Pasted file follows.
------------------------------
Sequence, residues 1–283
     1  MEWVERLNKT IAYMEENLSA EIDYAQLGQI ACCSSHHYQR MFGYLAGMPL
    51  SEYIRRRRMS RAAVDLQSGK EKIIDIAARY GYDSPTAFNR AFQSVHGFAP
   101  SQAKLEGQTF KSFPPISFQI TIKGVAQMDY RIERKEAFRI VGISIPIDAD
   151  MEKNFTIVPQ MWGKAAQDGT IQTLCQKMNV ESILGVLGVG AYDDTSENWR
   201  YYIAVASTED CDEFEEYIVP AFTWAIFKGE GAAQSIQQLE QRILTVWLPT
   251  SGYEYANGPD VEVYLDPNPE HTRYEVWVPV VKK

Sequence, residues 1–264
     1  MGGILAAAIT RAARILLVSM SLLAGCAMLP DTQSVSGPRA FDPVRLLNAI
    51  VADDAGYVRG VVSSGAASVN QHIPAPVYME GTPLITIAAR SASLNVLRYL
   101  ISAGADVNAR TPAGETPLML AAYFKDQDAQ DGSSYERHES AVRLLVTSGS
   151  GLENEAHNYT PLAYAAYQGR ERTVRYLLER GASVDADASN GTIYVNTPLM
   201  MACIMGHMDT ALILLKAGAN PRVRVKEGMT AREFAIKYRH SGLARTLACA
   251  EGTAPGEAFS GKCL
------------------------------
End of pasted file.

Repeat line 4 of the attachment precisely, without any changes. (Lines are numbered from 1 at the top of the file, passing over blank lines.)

   101  SQAKLEGQTF KSFPPISFQI TIKGVAQMDY RIERKEAFRI VGISIPIDAD